We utilized the resources of the parent case-control as well as the follow-up study of the Long Island Breast Cancer Study Project, a population-based study. Briefly, eligible cases were women residing in Nassau or Suffolk counties, who spoke English, were 20 years of age or older, and were newly diagnosed with in situ or invasive breast cancer between August 1, 1996, and July 31, 1997. A total of 1,508 women with breast cancer participated in the baseline, case-control study interview. As previously reported , at the time of the first primary breast cancer diagnosis, the mean age was 58.8 years (range: 25.1–98.1); 94% were white, 4% were African American, and 2% were other; 235 (15.6%) had carcinoma in situ and 1273 (84.4%) had invasive tumors. Case women, or their next of kin, were interviewed again approximately five years after diagnosis. Medical records were abstracted during the case-control study and again as part of the follow-up study. Details of the study design have been described previously [18–20]. The study protocol was approved by the Institutional Review Boards of the collaborating institutions. REMARK criteria were used through this report .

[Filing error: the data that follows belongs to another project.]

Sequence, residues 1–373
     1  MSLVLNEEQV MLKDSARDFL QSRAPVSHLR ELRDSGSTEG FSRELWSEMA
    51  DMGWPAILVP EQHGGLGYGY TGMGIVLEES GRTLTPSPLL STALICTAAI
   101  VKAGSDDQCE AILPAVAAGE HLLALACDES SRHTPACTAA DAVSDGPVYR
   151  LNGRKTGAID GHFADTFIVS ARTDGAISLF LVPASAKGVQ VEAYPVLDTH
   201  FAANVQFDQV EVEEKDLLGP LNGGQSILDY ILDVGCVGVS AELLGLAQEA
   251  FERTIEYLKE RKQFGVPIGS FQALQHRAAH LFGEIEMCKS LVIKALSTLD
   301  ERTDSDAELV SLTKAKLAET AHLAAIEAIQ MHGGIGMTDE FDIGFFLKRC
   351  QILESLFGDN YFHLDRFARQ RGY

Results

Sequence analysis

Participants information used in this study were obtained as part of the 1) case-control (baseline) in-home interview; 2) follow-up telephone interview; and 3) medical record abstraction. The questionnaires were administrated to assess the demographic characteristics, breast cancer-related factors, and treatment information. Treatment information provided by the subject at the time of the follow-up interview was found to be in excellent agreement with the data abstracted from the medical record [radiation therapy (Kappa = 0.97), chemotherapy (Kappa = 0.96), and hormone therapy (Kappa = 0.92)], thus we used the self-reported data. Characteristics of the tumor, including estrogen and progesterone receptor (ER/PR) status, were extracted from medical records. Among cases with this information available, 583 (58.9%) were ER+/PR+; 143 (14.4%) were ER+/PR−; 52 (5.3%) were ER−/PR+; and 212 (21.4%) were ER−/PR−. For a smaller subset of women, we were able to obtain medical record information on tumor size (n=321) and node involvement (n=327).